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Living the Praxis for Care 

It Shouldn't Be This Hard!



A few weeks ago, mom was diagnosed with a blood clot in her arm and was prescribed Eliquis to break it up. As we were leaving the emergency room, the doctor gave us a $10 copay card to use at the pharmacy because he said that the medication was extremely expensive. I thanked him and headed home for the evening.


The next morning, I got a text from our pharmacy saying that they didn't have the starter pack for the Eliquis and that they would have to request it and it would take about one to two business days. I called the emergency room back and asked the doctor whether she could wait the two days for it to arrive, to which he said no. So then I had to chase down a pharmacy that actually had the starter pack in stock.


After several phone calls, I found a pharmacy, and the emergency room sent the prescription there, and I just waited to hear when it was ready. Later that day, I got the text that the prescription was ready, so I headed up to the pharmacy to pick it up, and that's when the fun began.


First, mom wasn't eligible to qualify to use the $10 copay card we had been given at the emergency room, and that was fine. I knew she had prescription coverage, but for some reason, the computers at the pharmacy and the computers at Medicare weren't talking to each other, and they weren't picking up her coverage. So I wound up paying $658.79 out of pocket. I was truly salty about that, but I knew she needed the medication, and fortunately, we had the money, so I just paid it.


I got the text from Walmart, which is our normal pharmacy, a couple of days later, and I was really angry because had the doctor allowed us to wait, I would have only paid $4.30 out of pocket. So on Monday, I made phone calls to learn how to get reimbursed if I wasn't having enough fun paying for the medication.


I've had a blast just trying to get reimbursed. It took almost ten business days for Express Scripts to send me the reimbursement form. Then it contained information that well, it requested information that I didn't have, so I had to call back. Then the person told me that she wasn't able to answer my questions about the information that the form wanted because I wasn't listed as her caregiver. So then I had to fill out another online form to become her caregiver, wait a few days, and then call back to make sure that I was filling out the form correctly.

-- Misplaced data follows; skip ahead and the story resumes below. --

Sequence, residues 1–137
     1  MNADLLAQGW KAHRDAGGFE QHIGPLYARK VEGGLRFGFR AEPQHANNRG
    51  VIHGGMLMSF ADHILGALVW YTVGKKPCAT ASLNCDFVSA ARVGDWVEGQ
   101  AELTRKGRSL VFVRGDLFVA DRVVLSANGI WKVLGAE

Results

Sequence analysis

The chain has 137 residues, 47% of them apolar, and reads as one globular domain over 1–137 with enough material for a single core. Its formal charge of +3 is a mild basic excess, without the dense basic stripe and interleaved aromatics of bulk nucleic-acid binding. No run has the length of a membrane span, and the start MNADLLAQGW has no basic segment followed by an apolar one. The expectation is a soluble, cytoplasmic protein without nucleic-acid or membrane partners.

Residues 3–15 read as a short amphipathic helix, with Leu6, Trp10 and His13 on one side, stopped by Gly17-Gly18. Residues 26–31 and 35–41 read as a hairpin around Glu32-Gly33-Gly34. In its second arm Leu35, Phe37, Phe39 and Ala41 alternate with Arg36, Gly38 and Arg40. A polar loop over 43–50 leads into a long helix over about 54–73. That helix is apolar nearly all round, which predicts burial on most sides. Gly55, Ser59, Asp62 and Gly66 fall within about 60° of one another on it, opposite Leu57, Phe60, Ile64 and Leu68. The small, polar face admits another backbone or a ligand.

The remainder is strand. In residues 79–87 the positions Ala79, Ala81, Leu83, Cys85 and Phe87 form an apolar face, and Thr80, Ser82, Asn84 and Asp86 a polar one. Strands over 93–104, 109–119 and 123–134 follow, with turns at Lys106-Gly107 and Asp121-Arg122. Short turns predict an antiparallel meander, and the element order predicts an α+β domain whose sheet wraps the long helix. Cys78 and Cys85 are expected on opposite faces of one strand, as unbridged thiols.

As I was completing the online reimbursement form, it didn't request the information that the paper form did, so that third and fourth phone call wasn't even necessary. Had someone told me, I could have filled this out online trying to get reimbursed for spending money, I shouldn't have had to spend in the first place.


It just shouldn't be this hard.

Well, the forms are done, so now I just have to wait and see how long it's going to take for the reimbursement to be processed.


My encouragement to you this week is to be patient with yourself as you navigate processes and systems that don't have to be as complicated as they often are.


Thank you for reading and bearing with my little rant for the week.


Be well. Until next time, Dr. Sheri.


 

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Dr. Sheri L. Yarbrough is an author, caregiver, and founder of Praxis Senior Care-Giving Solutions, a consulting business that provides care-givers with practical and easily implemented strategies that can be tailored to meet their individual care needs.


View Dr. Yarbrough's weekly blog on all things caregiving from a caregiver's perspective.


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